unemployment compensation

Andy Chow / Statehouse News Bureau

The bill to change the way money is put into the fund the state uses to pay benefits to unemployed workers is taking another step forward this week. But it has yet to pick up support from labor or business groups.

Republican leaders in the House say the clock is ticking for lawmakers to do something about the state’s unemployment compensation fund, which they say would dry up quickly in the event of a recession.

photo of Cliff Rosenberger and Ohio Representatives
ANDY CHOW / STATEHOUSE NEWS BUREAU

After more than a year of negotiations, a fix to shore up the fund that Ohio uses to pay benefits to jobless workers is no closer to reality.

Kirk Schuring
ANDY CHOW / STATEHOUSE NEWS BUREAU

A controversial bill intended to shore up the fund the state uses to pay unemployment benefits might be moving forward soon. The bill’s sponsor says it’s a high wire act between labor and business groups.

The plan would require employers to pay more into the unemployment compensation fund while also requiring some buy-in from workers. This is all an attempt to bring the fund to solvency ahead of any impending recession.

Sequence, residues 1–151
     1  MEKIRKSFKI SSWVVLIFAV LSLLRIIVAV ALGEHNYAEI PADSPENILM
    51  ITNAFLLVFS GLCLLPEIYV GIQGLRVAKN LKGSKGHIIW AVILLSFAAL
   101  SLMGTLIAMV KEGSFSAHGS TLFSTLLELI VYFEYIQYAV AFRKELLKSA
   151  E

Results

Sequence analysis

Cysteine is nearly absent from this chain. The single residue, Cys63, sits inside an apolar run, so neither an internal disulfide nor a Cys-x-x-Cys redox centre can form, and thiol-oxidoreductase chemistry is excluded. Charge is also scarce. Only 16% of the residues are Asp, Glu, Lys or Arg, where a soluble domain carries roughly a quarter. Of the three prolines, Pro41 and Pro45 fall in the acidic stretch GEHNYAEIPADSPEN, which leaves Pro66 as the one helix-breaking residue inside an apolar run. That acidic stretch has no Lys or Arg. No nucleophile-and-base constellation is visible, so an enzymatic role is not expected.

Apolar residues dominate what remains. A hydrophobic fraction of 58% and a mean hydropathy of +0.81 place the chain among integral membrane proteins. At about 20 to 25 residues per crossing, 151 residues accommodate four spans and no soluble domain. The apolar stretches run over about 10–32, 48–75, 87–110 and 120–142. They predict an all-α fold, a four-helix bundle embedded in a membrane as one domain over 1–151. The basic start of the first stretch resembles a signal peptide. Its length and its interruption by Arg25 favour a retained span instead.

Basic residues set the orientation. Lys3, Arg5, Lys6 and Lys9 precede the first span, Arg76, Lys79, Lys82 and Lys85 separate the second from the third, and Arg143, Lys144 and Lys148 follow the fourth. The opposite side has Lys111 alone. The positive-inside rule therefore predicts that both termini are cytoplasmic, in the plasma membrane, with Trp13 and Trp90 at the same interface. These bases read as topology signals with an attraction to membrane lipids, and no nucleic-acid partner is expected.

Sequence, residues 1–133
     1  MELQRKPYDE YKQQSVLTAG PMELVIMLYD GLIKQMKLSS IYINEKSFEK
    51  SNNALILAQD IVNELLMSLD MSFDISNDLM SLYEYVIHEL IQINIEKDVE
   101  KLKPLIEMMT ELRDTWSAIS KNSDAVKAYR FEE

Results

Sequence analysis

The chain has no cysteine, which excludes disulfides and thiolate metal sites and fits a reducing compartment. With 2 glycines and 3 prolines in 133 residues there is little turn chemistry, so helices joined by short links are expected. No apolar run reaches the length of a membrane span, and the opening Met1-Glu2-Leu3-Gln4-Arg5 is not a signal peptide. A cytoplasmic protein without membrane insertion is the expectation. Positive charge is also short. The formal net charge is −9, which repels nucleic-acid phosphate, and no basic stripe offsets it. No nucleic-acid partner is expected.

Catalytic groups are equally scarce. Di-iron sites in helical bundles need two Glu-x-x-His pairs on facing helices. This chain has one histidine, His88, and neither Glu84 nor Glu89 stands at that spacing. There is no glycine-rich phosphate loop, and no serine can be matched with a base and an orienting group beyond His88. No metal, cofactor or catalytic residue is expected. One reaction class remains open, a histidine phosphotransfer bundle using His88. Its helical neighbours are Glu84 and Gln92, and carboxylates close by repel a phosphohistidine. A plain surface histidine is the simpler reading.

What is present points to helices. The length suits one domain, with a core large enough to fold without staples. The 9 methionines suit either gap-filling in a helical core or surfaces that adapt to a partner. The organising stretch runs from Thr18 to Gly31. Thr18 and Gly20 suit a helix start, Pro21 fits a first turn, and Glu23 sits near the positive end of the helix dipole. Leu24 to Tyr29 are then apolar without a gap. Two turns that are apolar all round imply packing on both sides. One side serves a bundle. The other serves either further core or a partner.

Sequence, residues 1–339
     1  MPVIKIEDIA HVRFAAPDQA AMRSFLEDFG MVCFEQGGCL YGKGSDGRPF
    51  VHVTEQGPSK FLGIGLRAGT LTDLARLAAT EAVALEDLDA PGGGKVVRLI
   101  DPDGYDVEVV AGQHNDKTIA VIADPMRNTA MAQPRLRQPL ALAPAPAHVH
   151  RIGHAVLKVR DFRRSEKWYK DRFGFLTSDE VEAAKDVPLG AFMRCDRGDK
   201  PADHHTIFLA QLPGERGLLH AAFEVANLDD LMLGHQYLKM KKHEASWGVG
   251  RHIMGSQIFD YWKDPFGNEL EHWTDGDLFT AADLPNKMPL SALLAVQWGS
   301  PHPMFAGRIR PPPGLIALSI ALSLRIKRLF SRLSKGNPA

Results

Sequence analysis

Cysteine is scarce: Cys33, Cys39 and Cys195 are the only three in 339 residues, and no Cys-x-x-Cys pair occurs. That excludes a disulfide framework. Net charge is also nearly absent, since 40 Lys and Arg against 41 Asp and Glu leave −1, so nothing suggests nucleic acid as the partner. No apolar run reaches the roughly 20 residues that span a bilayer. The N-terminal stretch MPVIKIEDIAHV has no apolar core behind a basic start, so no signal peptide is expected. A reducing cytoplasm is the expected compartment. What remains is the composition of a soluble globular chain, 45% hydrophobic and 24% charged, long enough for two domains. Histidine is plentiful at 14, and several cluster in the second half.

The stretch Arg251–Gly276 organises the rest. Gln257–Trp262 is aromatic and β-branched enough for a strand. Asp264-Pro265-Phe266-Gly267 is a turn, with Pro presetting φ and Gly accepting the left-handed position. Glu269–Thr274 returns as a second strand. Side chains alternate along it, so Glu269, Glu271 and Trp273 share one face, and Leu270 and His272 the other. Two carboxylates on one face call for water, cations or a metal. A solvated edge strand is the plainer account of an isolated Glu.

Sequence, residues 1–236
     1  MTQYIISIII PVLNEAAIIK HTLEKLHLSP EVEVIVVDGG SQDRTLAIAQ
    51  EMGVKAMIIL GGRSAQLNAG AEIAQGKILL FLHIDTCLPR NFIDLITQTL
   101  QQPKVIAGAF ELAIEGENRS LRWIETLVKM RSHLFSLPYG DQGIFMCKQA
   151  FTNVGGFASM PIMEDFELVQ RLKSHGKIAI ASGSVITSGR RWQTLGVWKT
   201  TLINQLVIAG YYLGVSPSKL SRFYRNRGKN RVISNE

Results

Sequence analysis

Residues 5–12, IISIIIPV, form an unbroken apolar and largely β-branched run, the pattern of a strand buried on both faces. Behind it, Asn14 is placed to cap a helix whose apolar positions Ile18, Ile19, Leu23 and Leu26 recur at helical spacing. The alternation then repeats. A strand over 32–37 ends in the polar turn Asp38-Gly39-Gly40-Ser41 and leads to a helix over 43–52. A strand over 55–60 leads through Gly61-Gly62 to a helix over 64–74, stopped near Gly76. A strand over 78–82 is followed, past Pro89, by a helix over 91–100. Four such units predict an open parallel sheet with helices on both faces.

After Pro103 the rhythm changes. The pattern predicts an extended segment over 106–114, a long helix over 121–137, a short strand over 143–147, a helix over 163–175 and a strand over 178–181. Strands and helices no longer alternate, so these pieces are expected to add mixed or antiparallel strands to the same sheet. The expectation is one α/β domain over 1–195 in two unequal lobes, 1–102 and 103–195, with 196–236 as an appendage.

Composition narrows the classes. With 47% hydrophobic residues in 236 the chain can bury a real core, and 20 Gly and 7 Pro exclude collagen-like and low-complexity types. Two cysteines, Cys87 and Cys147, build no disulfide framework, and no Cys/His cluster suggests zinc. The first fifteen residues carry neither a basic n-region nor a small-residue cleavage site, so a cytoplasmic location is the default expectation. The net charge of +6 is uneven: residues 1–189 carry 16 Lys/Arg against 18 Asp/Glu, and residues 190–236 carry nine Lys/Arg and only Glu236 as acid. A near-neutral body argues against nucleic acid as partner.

photo of Larry Obhof talking to reporters
JO INGLES / STATEHOUSE NEWS BUREAU

There’s about a month left for legislators to get anything done before the new year. As Statehouse correspondent Andy Chow reports, there’s one issue that the top Senate leader specifically wants to move forward in that time.

Senate President Larry Obhof says it’s time to pass a bill that reforms the state’s unemployment compensation program.

The House and Senate have been trying to work up a plan that would bring the fund that the state uses to pay jobless benefits to solvency. And while Obhof acknowledges it’s a polarizing issue, he says it’s time to get it moving.

Photo of House Republican leaders
Andy Chow / STATEHOUSE NEWS BUREAU

Ohio is trying to stabilize its unemployment benefit fund, which went deeply in debt to the feds in 2008,. And both business and labor leaders agree it needs an overhaul. But they have mixed feelings over a plan state lawmakers are considering.

Republican Rep. Kirk Schuring took the ideas he heard in a working group among labor and business leaders and put them into a bill.

He notes both sides have things they like and don’t like in it.

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